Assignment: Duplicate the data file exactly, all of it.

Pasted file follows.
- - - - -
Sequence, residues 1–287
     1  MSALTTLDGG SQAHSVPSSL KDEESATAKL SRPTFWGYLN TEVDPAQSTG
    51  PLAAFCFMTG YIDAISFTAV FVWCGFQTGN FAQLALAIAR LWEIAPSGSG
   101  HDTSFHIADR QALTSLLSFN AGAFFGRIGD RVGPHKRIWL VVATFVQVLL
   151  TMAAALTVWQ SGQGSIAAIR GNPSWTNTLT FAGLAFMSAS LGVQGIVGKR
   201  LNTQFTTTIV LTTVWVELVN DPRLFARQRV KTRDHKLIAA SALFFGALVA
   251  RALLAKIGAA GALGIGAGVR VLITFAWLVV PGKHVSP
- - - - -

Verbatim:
Sequence, residues 1–287
     1  MSALTTLDGG SQAHSVPSSL KDEESATAKL SRPTFWGYLN TEVDPAQSTG
    51  PLAAFCFMTG YIDAISFTAV FVWCGFQTGN FAQLALAIAR LWEIAPSGSG
   101  HDTSFHIADR QALTSLLSFN AGAFFGRIGD RVGPHKRIWL VVATFVQVLL
   151  TMAAALTVWQ SGQGSIAAIR GNPSWTNTLT FAGLAFMSAS LGVQGIVGKR
   201  LNTQFTTTIV LTTVWVELVN DPRLFARQRV KTRDHKLIAA SALFFGALVA
   251  RALLAKIGAA GALGIGAGVR VLITFAWLVV PGKHVSP